• 14. As well as other interest groups, the group of herbal medicine have set up regulations toclarify members’ rights and responsibilities, operation mechanism, and relations withother actors (SPERI, 2009). Base on the suggestions and the needs of herbalist groupmembers for protection and use of some forest areas under communal management,which contain numerous species of herbs, the group leaders made and sent an applicationto communal authorities. Communal authorities understood that they could rely on thegroup strength and herbalists’ reputation to protect forest and fulfill their responsibilities.Upon the forest allocation decision made by the communal authority, the herbalist groupdemarcated the area, carried out inventory of herbs, and attached regulations and signboards, even scripts on stones, which claimed their forest land rights. So far communityherbal forests are protected well though surrounding areas are under pressure ofexploitation and degradation (HDHMG, 2009).3.5. Obstacles and possibilities of cooperation between customary law and statutory lawin land and forest management and protection.Poor cultural sensitivity and prevalent ethnocentrism among the mainstream imposes biasabout ethnic people and an intention to introduce majority Kinh values and technologiesto ‘modernize’ ethnic groups (Rambo and Jamieson, 2003, p. 166). Cultural sensitivityheavily influences vision, momentum, and behaviour of outsiders, especiallyadministrative top-down approach to ethnic development. That also causes a criticalobstacle to decentralization and CBNRM. Even when certain decentralization andreallocation of resources happens, it tends to serve economic elites rather than peripheries(ibid, p. 169). Nationally, state forest protected boards and national parks remain largeareas of forest (see Annex 2). Coping with this trend by way of community and localpeople’s land rights, forest tenure, and practice of customary laws remain a critical 13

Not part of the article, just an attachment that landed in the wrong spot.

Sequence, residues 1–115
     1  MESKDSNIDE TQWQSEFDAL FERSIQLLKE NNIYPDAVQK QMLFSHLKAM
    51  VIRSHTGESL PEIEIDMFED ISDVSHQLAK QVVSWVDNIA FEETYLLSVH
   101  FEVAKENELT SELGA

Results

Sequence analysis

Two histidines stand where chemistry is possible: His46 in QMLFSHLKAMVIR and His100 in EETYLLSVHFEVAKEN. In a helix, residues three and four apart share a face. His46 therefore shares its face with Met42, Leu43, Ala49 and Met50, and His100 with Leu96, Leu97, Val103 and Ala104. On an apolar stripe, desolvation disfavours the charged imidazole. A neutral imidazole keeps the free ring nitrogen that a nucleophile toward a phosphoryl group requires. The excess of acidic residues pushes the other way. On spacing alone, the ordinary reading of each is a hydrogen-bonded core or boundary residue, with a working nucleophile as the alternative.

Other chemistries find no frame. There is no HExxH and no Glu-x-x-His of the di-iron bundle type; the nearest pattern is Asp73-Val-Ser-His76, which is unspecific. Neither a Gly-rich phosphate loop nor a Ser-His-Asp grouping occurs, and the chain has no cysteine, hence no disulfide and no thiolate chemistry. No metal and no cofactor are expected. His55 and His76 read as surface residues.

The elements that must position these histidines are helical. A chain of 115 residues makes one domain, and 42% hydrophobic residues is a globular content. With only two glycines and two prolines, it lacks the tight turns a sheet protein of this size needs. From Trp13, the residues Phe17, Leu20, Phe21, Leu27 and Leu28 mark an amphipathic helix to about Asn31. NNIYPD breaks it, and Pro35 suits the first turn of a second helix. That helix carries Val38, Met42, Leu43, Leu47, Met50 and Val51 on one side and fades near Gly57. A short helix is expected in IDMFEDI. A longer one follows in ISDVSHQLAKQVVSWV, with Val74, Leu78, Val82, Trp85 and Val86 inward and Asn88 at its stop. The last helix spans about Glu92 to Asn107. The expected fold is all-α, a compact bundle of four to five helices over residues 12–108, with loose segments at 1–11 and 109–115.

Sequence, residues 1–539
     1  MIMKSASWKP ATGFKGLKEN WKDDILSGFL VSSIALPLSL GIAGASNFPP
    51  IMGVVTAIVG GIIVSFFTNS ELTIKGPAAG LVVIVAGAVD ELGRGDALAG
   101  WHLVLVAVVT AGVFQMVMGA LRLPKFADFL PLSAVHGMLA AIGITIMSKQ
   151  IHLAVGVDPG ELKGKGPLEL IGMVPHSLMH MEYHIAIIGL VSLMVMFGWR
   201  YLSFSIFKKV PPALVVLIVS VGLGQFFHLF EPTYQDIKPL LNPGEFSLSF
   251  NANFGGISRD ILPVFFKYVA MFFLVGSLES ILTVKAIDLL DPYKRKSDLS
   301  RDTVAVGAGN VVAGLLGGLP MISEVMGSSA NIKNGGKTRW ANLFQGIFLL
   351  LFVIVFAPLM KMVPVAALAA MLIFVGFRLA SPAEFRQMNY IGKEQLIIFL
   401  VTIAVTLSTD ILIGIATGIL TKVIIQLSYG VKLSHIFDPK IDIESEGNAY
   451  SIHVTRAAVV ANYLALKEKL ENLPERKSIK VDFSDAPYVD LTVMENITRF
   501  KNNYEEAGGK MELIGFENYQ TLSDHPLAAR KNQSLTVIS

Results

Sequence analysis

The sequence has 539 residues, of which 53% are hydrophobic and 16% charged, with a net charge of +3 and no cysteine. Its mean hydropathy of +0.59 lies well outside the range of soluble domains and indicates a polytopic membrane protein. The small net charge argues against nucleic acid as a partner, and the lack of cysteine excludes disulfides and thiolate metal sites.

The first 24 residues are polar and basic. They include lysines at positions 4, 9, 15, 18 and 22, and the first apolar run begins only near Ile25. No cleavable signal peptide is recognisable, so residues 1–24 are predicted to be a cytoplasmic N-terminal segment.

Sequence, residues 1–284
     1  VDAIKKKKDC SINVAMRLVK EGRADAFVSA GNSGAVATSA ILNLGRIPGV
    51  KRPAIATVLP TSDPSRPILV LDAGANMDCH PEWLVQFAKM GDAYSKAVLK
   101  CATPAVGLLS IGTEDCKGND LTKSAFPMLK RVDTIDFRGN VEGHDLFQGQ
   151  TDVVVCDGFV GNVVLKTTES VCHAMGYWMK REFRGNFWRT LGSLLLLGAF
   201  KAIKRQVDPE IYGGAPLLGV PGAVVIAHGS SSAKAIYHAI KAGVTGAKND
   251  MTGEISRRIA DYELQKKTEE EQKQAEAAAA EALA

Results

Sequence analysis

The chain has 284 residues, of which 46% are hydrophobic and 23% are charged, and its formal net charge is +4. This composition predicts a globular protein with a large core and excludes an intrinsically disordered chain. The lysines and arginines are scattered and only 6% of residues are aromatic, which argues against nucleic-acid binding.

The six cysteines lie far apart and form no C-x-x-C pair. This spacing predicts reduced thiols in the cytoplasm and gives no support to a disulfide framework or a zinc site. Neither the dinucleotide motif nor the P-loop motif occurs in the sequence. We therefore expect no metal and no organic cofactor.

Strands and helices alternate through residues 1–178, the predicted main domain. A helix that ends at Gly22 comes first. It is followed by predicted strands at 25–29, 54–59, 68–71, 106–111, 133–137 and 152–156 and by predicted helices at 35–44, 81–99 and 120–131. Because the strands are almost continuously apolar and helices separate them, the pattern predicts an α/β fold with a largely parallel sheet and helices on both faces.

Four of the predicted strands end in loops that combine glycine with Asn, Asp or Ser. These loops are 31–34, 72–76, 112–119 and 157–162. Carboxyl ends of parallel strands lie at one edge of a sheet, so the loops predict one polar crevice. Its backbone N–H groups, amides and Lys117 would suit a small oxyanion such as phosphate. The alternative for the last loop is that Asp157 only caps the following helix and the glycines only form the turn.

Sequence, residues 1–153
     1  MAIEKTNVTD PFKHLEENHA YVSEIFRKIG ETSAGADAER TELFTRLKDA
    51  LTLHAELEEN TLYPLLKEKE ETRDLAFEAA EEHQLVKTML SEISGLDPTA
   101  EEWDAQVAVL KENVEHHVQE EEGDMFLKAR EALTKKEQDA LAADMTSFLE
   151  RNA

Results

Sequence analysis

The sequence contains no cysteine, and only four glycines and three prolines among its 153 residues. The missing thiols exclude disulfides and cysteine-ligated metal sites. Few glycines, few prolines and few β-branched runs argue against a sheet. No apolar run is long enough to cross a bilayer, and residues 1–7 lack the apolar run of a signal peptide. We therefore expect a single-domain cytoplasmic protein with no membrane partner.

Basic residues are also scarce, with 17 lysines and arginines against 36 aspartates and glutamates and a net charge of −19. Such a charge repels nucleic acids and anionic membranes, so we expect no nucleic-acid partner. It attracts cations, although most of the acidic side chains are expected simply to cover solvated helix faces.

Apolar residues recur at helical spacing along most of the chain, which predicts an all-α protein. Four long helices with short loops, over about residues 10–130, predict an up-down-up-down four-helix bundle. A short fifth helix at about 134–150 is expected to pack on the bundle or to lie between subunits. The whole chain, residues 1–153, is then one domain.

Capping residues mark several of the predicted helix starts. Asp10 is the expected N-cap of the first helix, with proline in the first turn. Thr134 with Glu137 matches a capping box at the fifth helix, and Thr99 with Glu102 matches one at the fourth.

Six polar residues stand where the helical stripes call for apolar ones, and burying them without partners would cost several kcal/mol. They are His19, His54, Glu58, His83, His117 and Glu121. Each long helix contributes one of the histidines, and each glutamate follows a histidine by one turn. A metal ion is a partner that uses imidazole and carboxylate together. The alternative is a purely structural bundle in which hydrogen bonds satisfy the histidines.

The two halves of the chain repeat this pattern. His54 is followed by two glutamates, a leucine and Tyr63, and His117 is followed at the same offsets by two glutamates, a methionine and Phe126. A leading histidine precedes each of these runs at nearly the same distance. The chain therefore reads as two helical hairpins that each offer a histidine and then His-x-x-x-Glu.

• 15. challenge. However, the state requirement and new trend of decentralization andpromotion of ethnic culture are introduced at national and local level. That encouragesdifferent agencies to be interested in learning and combining customary law with formalsystem.ConclusionThis paper has explored the scholarship on environmental discourses and provided anoverview of policies and laws on forest management. It has also reviewed the importantrole of ethnic communities in natural resource management and protection. Without localpeople’s involvement, it is hard to obtain a win-win situation in dealing withenvironmental (particularly forest) protection and poverty reduction. Therefore, for thesake of environmental protection (explicitly land and forest in this case) and localpeople’s livelihoods, it is critical to challenge the authority and the role of environmentalbureaucrats. There is a clear need for decentralization and reallocation of land and forestto local people’s direct management.Lessons and success of Thai ethnic community herbal forest in Hanh Dich communebecome a model and a potential alternative to administrative and economic rationality. Inorder to replicate this pilot model, the government should apply forest allocation processin a flexible way. The procedure should involve results from community-based forestinventory rather than purely from expertise, so as to reduce administrative cost and makeforest allocation to community feasible. 14